Miley Cyrus, procrastination and yelling

EP 60-Youth Success Show

YOUTH_SUCCESS_BANNER

In this show we discuss yelling and shouting at your teenagers and why it isn’t a great idea, procrastination around school work and what is the real issue with Miley taking her clothes off !

Join Sarah Newton and Annie Fox and guests as they answer the fundamental question, what makes youth successful? What empowers them? What makes them want to change? Why do they behave the way they do and most importantly, how can we positively impact and influence them? Together, Sarah and Annie have over 40+ years experience in the youth field. Sarah, an ex-police officer in London, started her consulting business 14 years ago and is well known worldwide for her TV and radio work. Annie is a parenting expert who has been answering teen email questions since 1997. Join them on The Youth Success Show as these two seasoned experts  share their ideas, thoughts, perspectives and tools to help youth thrive.

Check Out Youth Podcasts at Blog Talk Radio with Youth Success Show on BlogTalkRadio

Parenting Styles

Parenting styles is about really knowing your children.

parenting stylesI am not really a fan of a one-size-fits-all parenting style or approach and never have been, even though I have written books on it. I am not a fan of the parenting expert, even though I have been called one. In fact I hate the word parenting if I am truly honest. Why, you may ask? Well it is because really I just believe in interaction in relationships and in understanding that each person is different and need a different approach. Each parenting style should be different for each child.

My Parenting style

Let me show you how this works in my own life with my own children.

We have bad colds in our house; they started on Boxing Day and are still going on.  I am not a great patient or a great nurse to be honest, so I don’t do illness very well either way.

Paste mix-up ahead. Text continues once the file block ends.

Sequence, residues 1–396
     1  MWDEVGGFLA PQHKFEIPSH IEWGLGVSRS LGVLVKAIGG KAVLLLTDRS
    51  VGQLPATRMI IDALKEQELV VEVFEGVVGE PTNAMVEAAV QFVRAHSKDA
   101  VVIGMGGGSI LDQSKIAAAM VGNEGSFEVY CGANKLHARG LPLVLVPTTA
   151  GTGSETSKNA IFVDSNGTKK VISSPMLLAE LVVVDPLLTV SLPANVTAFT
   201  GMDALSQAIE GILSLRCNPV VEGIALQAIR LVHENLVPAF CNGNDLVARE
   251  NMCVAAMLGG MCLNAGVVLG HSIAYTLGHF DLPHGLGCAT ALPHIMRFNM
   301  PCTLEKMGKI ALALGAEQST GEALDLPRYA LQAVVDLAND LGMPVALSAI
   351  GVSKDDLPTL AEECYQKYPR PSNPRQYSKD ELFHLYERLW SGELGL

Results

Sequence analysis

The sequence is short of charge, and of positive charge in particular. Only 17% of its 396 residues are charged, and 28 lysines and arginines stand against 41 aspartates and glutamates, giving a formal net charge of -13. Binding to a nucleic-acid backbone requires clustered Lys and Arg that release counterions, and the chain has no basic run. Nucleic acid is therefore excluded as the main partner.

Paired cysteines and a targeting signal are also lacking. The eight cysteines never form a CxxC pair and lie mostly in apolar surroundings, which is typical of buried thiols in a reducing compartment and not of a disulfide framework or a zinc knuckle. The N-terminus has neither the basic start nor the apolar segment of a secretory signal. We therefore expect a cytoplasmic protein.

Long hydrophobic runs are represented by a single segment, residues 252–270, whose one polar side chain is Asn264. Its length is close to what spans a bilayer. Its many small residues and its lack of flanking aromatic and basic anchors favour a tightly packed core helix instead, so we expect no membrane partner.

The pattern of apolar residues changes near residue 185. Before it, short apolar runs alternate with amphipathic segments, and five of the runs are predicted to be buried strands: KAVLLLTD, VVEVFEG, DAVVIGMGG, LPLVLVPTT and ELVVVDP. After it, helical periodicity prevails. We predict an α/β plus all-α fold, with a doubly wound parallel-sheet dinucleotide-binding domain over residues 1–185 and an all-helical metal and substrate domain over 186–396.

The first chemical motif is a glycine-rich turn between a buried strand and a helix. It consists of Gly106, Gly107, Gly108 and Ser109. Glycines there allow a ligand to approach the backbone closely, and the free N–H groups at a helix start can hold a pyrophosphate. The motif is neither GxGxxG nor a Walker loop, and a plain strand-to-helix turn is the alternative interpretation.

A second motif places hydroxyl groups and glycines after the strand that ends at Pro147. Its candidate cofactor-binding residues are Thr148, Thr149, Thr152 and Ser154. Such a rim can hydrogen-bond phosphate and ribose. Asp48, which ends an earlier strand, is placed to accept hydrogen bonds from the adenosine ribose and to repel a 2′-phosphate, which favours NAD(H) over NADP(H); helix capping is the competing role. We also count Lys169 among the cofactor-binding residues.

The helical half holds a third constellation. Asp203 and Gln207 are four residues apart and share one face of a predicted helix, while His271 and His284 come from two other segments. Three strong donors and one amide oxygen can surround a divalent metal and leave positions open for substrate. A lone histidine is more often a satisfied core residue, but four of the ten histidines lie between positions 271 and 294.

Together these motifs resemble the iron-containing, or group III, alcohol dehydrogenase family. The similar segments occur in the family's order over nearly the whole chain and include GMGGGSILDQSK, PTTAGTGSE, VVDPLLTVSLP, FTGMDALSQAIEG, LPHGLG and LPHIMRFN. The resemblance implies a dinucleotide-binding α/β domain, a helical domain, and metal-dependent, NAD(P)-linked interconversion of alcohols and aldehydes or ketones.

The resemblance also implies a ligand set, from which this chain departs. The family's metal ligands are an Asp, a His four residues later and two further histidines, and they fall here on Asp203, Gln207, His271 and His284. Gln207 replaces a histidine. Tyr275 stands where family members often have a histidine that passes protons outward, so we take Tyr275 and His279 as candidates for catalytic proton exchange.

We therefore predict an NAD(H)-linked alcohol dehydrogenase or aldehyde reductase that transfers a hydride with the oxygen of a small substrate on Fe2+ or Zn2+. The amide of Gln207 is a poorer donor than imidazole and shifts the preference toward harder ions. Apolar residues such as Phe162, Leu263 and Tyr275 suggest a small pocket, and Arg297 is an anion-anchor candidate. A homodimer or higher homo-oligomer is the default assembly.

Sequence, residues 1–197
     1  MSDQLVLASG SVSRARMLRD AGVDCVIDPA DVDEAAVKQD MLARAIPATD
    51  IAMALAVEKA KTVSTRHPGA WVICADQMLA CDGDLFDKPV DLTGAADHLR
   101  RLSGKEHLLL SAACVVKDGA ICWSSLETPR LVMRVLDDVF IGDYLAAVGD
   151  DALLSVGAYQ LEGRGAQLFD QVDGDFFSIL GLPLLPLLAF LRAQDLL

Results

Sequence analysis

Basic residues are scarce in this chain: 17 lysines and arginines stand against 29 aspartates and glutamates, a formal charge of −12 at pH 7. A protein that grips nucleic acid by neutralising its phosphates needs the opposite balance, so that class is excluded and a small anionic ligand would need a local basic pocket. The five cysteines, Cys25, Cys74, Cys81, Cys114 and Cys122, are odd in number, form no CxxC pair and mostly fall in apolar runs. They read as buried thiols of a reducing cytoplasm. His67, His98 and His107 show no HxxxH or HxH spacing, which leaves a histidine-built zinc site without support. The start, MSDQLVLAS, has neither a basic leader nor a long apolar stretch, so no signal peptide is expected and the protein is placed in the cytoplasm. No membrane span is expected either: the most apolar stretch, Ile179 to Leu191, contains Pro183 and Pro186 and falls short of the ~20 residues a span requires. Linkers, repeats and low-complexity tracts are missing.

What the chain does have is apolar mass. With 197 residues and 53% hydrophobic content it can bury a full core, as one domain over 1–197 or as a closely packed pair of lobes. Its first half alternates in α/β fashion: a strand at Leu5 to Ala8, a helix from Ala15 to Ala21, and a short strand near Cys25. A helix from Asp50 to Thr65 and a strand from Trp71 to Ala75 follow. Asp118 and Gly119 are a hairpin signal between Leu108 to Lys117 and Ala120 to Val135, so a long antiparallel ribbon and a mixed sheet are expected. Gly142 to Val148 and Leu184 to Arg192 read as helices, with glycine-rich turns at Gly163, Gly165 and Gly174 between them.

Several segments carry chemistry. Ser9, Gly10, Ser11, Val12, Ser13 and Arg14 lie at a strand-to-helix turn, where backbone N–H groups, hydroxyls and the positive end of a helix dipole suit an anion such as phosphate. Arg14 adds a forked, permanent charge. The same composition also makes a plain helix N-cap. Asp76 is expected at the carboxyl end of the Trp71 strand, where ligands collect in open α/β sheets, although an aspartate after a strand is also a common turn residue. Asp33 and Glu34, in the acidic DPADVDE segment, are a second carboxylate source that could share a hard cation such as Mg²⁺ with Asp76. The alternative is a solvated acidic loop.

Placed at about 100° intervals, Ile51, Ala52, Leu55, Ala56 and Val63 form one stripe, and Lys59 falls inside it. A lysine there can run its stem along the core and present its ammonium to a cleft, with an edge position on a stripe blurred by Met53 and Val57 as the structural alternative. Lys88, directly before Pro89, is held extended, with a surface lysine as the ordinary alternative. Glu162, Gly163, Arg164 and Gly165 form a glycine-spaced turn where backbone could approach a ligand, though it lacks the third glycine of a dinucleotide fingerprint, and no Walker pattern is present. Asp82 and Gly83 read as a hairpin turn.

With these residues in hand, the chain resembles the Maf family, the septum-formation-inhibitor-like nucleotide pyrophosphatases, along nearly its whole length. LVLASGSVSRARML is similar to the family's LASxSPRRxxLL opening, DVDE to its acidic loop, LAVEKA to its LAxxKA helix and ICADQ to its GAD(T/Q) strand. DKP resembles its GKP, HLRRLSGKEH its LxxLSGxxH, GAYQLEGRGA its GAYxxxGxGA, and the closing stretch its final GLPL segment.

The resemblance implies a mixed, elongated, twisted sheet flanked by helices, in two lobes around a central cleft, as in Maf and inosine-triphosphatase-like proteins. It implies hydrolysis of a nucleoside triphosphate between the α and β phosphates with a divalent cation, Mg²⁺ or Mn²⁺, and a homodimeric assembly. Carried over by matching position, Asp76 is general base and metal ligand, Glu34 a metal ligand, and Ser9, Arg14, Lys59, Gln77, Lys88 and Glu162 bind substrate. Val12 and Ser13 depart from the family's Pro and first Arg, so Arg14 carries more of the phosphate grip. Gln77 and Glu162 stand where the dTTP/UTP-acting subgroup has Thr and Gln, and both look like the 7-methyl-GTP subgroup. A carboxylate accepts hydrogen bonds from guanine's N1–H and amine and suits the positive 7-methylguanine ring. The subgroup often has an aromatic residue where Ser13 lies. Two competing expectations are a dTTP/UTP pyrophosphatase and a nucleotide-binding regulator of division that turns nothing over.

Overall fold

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Healthy Tips for Christmas

Healthy Tips for Christmas

Healthy Tips for ChristmasMaggie Ayre is the UKs leading Fitness Coach for Teen Girls. As well as one-to-one and small group nutrition and fitness sessions she has designed an online nutrition plan specifically for teens. She has also developed the 3G Program designed to be run at schools as part of the PE curriculum and she offers mentoring for PE departments on how to re-engage teen girls with PE. Maggie has recently published her third book; “Nutrition for Exam Success – A Parent’s Guide” which is now available as a Kindle and paperback at Amazon.

  1. Don’t eat too much!

It’s all too easy for Xmas to stretch from the day schools break up to the day kids return to school.  Limit your celebratory days to the traditional Christmas Eve, Christmas Day, Boxing Day, New Year’s Eve and New Year’s Day.

  1. Do something active every day…..

or allow yourself just Xmas Day off.  Walking, cycling, or jogging all count if your exercise class or sports club are closed.

3.Processed or salty food will make you feel sluggish.

Stick to fresh fruit and vegetables to keep your energy levels high.

4.Keep up your water intake. 

Over-indulging in tea, coffee, fizzy drinks and alcohol wont help your body work at its best.

5.Watch out for the alcohol. 

Many teens try alcohol for the first time over Xmas.  Make sure they know all the facts and drink sensibly.  You can’t make all their decisions for them but you can keep them informed.